Jun 30 2022


Selecting a wine can be a tricky feat when considering just how many there are on offer. Each has a different intricate label, yet many of us don’t know what we’re looking for beyond the price and the alcohol content. Despite this, when it comes to improving the contents of your wine rack, reading the labels is actually incredibly important. In fact, the label tells you everything that you need to know about the contents of a wine bottle. Whether you’re a wine connoisseur or the occasional drinker, you should certainly educate yourself on how to interpret wine labels. Thankfully, Cranville Wine Racks is here to help with our comprehensive guide to wine labels.

Brand/Producer Name

When selecting a bottle of wine, the first thing that you tend to notice is the brand or producer name. This tends to be the most prominent feature of the label and usually indicates the price point for the wine. For instance, a recognisable household brand tends to be relatively affordable, whilst a rare label usually indicates an inflated price.

Wine Name

After the brand or producer name, the next port of call tends to be the name of the wine itself. Typically, wines are either named after the grape variety that was used in production (such as Cabernet Sauvignon, Riesling, or Zinfandel) or the region in which it originated (including Champagne, Burgundy, or Veneto).

Geographical Indication

Speaking of the area of origin, this is also listed on wine labels and is known as the geographical indication or GI. The GI often refers to where the grapes were grown, but it may also touch on what varieties of grapes can be used, as well as how the wine should be made.

Different geographical indications are comprised of various factors that impact how the grapes ripen, which ultimately affects the wine’s style. As a result, it’s wise to educate yourself on some wine geography, as this will enable you to form expectations surrounding regional climate and grape varieties.

Grape Variety

As you can imagine, the grape variety is the greatest affecting factor when it comes to a wine’s flavour. As previously mentioned, the grape variety provides you with an indication of what to expect from the wine, as every variety results in unique characteristics that are now universally recognised. For instance, it’s widely understood that Sauvignon Blanc is a crisp and fresh flavoured white wine, whilst Malbec is a strong-tasting, full-bodied, fruity red.

Despite this, we know that not all wine labels will state the grape variety and opt for the region of origin instead. This doesn’t mean that you’re left in the dark about what the grape variety may be; you can do your research to discover which grape varieties are native to each region. Consequently, you’ll still be able to deduce what a bottle of wine might taste like.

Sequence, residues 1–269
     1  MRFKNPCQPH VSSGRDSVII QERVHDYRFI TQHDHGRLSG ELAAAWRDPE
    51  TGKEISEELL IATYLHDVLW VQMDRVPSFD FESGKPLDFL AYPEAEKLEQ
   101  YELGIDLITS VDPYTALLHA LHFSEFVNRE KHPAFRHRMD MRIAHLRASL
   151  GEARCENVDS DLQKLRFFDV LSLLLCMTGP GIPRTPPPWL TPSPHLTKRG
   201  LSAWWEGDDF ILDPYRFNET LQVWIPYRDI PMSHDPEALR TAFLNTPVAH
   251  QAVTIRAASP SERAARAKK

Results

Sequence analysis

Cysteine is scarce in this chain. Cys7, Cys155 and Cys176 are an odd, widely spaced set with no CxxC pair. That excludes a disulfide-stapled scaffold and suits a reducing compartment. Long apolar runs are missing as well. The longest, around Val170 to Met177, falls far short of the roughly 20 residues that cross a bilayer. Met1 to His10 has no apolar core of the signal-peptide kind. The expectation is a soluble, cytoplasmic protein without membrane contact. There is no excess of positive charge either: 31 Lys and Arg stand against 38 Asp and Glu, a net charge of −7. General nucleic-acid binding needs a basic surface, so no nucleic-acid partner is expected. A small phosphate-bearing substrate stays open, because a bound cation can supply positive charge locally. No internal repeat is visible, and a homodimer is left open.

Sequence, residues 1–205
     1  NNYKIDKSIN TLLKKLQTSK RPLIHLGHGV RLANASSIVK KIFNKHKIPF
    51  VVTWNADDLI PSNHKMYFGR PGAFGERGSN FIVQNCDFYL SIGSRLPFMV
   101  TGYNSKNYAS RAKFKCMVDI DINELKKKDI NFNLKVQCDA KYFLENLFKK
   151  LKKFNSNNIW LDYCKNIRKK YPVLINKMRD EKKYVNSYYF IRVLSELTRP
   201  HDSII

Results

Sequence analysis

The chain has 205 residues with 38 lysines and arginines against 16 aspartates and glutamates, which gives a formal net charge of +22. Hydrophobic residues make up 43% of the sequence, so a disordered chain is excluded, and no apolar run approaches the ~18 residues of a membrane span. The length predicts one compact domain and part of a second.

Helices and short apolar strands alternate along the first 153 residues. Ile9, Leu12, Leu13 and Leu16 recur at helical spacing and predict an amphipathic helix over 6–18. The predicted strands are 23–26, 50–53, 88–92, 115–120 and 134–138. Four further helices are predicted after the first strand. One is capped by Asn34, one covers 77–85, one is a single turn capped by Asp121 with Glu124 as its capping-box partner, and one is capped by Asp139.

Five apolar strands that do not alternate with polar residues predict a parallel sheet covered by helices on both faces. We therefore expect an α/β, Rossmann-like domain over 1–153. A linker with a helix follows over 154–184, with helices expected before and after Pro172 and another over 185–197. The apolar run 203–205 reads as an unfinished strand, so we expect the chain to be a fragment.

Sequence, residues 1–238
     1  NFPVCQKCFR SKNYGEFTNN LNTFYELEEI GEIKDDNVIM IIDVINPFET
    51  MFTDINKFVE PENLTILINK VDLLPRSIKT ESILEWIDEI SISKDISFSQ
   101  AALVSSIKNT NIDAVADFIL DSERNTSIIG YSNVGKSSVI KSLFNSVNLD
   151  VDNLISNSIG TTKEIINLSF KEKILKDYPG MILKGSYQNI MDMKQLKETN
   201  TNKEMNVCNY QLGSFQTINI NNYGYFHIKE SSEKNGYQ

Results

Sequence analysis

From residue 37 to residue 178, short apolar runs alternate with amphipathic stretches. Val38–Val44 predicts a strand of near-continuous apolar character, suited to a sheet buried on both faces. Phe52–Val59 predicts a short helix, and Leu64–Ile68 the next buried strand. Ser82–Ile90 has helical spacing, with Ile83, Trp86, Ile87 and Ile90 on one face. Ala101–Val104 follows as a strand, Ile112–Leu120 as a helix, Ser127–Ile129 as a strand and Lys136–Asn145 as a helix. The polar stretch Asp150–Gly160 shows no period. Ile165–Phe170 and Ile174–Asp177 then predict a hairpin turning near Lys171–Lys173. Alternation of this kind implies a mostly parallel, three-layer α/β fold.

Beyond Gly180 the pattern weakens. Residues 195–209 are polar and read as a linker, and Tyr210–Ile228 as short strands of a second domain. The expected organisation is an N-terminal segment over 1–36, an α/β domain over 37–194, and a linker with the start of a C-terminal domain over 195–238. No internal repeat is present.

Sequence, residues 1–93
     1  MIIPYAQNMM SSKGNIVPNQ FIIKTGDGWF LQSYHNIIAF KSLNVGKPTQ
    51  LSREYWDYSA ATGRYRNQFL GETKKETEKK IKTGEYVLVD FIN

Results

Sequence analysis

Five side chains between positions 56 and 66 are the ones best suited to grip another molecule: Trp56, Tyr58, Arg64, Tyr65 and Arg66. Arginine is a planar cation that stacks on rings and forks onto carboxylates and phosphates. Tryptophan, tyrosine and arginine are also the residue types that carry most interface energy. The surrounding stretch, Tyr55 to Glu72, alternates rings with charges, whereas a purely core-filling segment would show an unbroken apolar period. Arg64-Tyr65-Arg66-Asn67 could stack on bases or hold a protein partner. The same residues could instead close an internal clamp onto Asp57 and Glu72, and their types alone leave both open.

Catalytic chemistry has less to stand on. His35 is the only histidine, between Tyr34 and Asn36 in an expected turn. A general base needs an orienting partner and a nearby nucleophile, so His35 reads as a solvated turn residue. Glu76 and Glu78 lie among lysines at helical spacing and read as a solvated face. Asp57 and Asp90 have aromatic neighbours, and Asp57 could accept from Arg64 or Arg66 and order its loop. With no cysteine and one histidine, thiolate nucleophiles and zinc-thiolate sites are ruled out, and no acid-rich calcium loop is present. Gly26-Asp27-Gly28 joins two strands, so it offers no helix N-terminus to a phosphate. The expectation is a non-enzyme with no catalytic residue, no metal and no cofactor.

A lot of wine labels indicate that the wine is vintage, which refers to the year in which the grapes were harvested. As a result, the vintage of the wine indicates both its age and its quality. When considering the age of wine, many people are left wondering “Does wine go out of date?” Unfortunately, the answer to this question is entirely dependent on the type of wine.

For example, fine wines will benefit from being given time to age, as this will introduce new flavours; however, most wines are intended to be drunk when they’re fresh. So, to answer the question of “Does wine go off?”, unopened white wine will last one to two years past the printed expiration date, unopened red wine will last two to three years past the printed expiration date, cooking wine will last three to five years past the printed expiration date, and fine wine can exceed 20 years when stored properly.

Now, onto the vintage. In some regions, the climate will vary from year to year (Bordeaux is a prime example). Consequently, the ripeness and health of the grapes is impacted, which affects the wine’s quality and style. Therefore, some vintages will be considered more valuable due to the rarity or quality of the wine.


It’s a legal requirement for all wine bottles to display their alcohol by volume; however, it’s normally found on the back label. Typically, the alcohol percentage of wine will sit anywhere between 11% and 15%. If the ABV is below this threshold, the wine likely contains unfermented sugars for added sweetness. Meanwhile, ABVs that exceed this threshold are often fortified, which means extra alcohol has been added.

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